No shortage of empty seats here

In no less than eleven blogs, posted over the space of eight weeks or so, I have tried to make sense of a very busy couple of weeks in the first half of July when Parliament considered matters HS2 in a number of its forums. Whilst I have been focusing on this period, our politicians have quit Westminster for the summer recess and returned again, only to recess again for the party conference season. This is typical of the time lag that readers of my blog often find themselves having to tolerate, and is due to the relatively low frequency that I post – once every four days – and the in-depth analysis that I attempt. I have thought about increasing the posting frequency, as I did at the start of this year for my series on the compensation consultation, but, to be frank, I don’t think that I could cope with the additional demands that this would make on my time (and sanity). So I’m afraid that I can’t promise any improvement in topicality any time soon.

The most dedicated environment watchers amongst you may also feel that what has transpired in this particular corner of cyberspace in the last couple of months has had very little to do with issues green, and you would, I confess, be right. My excuse for this is that if HS2 is to be stopped then it is in Westminster that this decision will be taken, and it will be the politicians that take it, so what goes on there is important to those of us with more than a just passing interest in HS2. I also feel that the procedures and language that Parliament employs can make proceedings obscure and can be off-putting for public observers. I consider that providing a critique and explanation of these proceedings is a niche that was unoccupied, and one that I could try and fill to some benefit; I hope that you agree.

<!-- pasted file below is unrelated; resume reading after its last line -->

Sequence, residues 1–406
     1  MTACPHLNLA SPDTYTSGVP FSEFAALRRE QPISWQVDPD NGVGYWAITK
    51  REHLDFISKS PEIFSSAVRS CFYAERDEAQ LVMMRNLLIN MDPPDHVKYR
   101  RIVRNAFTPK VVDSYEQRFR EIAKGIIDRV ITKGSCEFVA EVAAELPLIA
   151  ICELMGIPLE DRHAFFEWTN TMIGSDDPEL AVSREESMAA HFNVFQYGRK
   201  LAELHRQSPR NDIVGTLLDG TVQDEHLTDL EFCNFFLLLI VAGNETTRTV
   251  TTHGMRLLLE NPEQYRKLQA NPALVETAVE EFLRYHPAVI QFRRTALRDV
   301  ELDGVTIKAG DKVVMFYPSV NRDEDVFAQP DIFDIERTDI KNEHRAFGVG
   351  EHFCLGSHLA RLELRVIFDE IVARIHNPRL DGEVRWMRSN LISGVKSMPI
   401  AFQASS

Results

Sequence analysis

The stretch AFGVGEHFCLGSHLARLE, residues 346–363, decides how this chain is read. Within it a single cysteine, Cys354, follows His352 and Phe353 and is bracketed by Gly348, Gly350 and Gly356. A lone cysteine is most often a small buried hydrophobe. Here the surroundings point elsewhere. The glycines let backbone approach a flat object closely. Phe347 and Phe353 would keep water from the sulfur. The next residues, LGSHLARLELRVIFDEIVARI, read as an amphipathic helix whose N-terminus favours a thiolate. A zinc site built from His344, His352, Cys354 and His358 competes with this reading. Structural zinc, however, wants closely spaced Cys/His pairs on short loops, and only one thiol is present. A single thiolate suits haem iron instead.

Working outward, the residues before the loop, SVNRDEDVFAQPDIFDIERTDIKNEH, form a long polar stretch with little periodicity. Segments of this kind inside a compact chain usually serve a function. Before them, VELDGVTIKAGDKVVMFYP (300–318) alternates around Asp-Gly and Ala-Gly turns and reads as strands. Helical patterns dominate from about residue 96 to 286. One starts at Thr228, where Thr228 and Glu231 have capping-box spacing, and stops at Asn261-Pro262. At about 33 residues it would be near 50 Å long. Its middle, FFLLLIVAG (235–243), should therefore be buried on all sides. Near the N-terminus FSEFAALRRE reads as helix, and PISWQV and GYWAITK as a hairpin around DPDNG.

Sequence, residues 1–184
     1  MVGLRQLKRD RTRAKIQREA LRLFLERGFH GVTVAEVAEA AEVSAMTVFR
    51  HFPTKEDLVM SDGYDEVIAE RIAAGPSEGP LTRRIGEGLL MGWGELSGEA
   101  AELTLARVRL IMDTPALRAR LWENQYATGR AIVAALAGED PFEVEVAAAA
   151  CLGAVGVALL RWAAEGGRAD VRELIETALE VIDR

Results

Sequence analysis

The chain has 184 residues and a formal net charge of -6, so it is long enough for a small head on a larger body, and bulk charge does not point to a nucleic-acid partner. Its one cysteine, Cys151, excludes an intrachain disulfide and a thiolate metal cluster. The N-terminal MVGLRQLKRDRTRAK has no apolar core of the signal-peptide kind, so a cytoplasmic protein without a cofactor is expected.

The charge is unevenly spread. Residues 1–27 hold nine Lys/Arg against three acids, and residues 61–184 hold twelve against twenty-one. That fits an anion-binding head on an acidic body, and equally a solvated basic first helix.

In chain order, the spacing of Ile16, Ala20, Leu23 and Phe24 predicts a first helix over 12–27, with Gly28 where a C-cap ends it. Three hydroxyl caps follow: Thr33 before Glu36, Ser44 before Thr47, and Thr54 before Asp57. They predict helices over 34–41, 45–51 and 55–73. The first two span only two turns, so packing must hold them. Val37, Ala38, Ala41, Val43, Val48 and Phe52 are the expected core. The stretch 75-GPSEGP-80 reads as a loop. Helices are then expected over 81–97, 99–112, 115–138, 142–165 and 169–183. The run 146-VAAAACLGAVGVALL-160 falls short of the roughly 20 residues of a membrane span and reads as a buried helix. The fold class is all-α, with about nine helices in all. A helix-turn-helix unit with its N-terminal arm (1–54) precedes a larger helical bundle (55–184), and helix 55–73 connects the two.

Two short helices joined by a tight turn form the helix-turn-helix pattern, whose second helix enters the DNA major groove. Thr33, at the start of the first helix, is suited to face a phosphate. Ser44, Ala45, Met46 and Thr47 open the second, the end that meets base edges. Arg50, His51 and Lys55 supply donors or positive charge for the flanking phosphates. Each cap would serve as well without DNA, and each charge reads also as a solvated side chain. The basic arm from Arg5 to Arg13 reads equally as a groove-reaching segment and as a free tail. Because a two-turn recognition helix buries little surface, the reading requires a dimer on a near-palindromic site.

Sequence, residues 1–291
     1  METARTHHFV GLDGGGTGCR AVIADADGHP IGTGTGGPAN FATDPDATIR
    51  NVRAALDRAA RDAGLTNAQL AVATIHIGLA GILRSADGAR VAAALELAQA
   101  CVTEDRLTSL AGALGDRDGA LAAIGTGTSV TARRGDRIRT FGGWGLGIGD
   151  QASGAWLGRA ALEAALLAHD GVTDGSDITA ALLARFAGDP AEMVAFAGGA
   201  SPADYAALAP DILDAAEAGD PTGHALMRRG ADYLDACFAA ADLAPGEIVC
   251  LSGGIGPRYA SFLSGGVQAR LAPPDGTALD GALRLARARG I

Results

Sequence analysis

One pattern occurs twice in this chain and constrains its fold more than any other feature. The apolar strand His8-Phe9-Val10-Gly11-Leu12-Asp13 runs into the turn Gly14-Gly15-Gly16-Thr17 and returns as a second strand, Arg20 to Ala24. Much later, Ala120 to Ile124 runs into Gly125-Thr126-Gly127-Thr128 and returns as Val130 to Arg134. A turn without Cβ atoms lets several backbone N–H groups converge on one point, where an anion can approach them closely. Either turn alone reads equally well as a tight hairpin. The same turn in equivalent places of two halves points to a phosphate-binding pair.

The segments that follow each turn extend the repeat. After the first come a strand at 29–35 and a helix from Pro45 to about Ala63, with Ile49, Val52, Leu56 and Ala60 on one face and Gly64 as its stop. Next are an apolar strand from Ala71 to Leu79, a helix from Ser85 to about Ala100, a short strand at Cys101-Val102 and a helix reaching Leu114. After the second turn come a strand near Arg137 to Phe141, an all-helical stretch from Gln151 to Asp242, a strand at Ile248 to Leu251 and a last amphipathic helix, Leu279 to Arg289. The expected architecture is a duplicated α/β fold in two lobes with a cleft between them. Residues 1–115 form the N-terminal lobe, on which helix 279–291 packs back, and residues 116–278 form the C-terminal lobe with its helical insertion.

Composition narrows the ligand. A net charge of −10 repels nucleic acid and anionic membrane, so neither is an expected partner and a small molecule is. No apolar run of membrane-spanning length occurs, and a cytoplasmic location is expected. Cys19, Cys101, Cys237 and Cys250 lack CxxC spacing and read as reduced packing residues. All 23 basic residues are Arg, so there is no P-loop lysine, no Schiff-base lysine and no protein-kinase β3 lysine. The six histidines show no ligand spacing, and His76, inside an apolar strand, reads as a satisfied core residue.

So that is my excuse for still reporting on proceedings in Parliament more than two months after the event, and I’m afraid that I haven’t finished yet. I want to return just one more time to the sweltering days of early July, to an adjournment debate that was held in Westminster Hall. At least this time I can claim, with justification, that I am returning to matters environmental, because the debate’s subject was “High Speed 2 (Ancient Woodlands)”.